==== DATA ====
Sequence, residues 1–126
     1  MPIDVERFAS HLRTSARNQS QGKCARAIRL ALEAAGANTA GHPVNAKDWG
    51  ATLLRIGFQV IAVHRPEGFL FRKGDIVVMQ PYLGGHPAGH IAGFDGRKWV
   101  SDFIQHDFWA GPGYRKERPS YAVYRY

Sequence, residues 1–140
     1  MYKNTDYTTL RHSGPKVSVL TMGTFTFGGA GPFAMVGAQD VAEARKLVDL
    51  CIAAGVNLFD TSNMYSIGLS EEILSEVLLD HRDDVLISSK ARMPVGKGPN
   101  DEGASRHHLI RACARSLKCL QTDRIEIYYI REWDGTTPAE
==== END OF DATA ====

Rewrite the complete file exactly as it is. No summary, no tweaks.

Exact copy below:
Sequence, residues 1–126
     1  MPIDVERFAS HLRTSARNQS QGKCARAIRL ALEAAGANTA GHPVNAKDWG
    51  ATLLRIGFQV IAVHRPEGFL FRKGDIVVMQ PYLGGHPAGH IAGFDGRKWV
   101  SDFIQHDFWA GPGYRKERPS YAVYRY

Sequence, residues 1–140
     1  MYKNTDYTTL RHSGPKVSVL TMGTFTFGGA GPFAMVGAQD VAEARKLVDL
    51  CIAAGVNLFD TSNMYSIGLS EEILSEVLLD HRDDVLISSK ARMPVGKGPN
   101  DEGASRHHLI RACARSLKCL QTDRIEIYYI REWDGTTPAE